It is interesting to note that South Africa was not alone in having to contend with an army of fraudsters as soon as it became known that the usual tender checks and balances were to be dispensed with in handing out emergency Covid relief and funds for protective personal equipment (PPE). The Special Investigating Unit in the police last year was investigating R5 billion in dodgy PPE tenders, covering 658 contracts. That’s about half the total spending announced by the government last year for Covid-19.
This story from the US appears to prove the point that, huiman nature being what it is, wherever free or easy money is doled out, the fraudsters will pick up the lion’s share.
This story would be funny were it not have such tragic consequences: it seems a good portion of the money went to fraudsters in China, Nigeria, Russia and elsewhere. In SA, a long parade of chancers and tenderpreneurs made off like thieves with billions of rands that were intended to alleviate suffering and sickness. The local press reported on the story of Hamilton Ndlovu who made the fatal mistake of boasting on social media about his new, expanded luxury car fleet. SA Revenue Services decided to pay him a visit, and a more subdued Ndlovu then issued an apology.
The wheels of justice sometimes move slowly, but they do move eventually. All the more reason to get accountants involved in the process – especially when “emergency” funds are being dispensed – at an early stage. – Editor
Blake Hall, CEO of ID.me, a fraud prevention service, told Axios that the US has lost more than $400 billion to crooked claims.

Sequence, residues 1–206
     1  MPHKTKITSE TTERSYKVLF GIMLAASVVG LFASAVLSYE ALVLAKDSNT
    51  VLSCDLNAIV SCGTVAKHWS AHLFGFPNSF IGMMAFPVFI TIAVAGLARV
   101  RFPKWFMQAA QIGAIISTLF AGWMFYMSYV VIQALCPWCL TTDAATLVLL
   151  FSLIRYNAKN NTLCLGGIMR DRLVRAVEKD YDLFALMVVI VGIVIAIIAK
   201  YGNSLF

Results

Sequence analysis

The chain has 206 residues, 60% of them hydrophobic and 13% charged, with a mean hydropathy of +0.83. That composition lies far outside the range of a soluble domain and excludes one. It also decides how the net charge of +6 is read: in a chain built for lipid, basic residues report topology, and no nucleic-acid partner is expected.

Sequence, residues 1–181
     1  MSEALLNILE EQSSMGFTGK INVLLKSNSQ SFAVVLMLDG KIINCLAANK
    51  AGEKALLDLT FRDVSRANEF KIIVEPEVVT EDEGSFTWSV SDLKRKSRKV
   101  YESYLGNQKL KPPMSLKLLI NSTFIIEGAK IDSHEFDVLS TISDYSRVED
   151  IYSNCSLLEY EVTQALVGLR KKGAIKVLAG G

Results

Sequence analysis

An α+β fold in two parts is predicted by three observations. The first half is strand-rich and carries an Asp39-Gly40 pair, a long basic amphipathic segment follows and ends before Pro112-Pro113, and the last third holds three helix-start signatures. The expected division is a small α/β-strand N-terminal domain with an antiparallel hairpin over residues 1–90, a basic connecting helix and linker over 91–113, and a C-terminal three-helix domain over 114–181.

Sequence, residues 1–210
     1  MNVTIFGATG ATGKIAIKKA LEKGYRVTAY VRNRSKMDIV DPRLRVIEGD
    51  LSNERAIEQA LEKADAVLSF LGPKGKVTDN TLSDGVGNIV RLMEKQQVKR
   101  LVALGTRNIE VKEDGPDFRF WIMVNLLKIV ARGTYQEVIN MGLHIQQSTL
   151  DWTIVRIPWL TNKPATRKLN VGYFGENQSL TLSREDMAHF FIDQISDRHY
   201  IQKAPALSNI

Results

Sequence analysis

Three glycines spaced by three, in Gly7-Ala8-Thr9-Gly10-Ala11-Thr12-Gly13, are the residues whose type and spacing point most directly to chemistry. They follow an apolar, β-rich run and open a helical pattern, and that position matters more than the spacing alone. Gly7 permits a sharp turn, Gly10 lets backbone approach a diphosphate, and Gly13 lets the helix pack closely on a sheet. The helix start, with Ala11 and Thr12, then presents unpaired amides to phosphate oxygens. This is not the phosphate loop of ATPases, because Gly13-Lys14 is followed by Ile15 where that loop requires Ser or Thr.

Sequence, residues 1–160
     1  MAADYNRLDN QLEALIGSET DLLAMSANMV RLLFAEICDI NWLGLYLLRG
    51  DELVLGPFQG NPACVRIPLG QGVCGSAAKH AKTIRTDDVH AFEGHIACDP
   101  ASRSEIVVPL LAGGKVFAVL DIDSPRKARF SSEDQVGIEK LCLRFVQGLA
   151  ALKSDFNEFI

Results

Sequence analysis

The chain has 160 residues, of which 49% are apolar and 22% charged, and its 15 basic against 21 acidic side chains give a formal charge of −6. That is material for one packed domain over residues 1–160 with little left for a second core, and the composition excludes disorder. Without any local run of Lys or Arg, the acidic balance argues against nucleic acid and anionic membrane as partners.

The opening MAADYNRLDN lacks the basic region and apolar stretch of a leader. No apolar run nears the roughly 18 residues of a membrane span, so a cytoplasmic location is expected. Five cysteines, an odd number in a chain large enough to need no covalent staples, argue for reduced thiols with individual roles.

The US may have been robbed of as much as half of all money given out through unemployment benefits during the pandemic, Hall told the outlet.
Haywood Talcove, the CEO of LexisNexis Risk Solutions, estimated that most of the stolen money, at least 70 percent, probably ended up outside the US, according to Axios.
Much of the pilfered funds likely went to criminal syndicates in China, Nigeria, Russia and elsewhere, he said, according to the outlet.
“These groups are definitely backed by the state,” Talcove told Axios.
A lot of the money was also likely stolen by US street gangs, who have been taking a greater share of the stolen funds in recent months, Axios reported.
Criminals were likely able to defraud the government by stealing personal information and using it to impersonate would-be unemployment claimants, Axios reported.
Other groups, the report said, may have tricked legitimate claimants into handing over their personal information.
Low-level criminals, or so-called mules, would then be given debit cards and asked to withdraw money from ATMs, the report said. That money could then be transferred abroad, often via untraceable cryptocurrencies like bitcoin.
It’s long been assumed by many politicians and government watchdogs that criminals would make off with at least some of the emergency pandemic relief funds.
State unemployment systems were ill-prepared for the demands of the pandemic. It was widely assumed that some of the hundreds of billions doled out would slip through the cracks, but many politicians said it was critical to get the money out as quickly as possible.
Now, the latest estimates reveal the scope of the fraud that took place over the past year.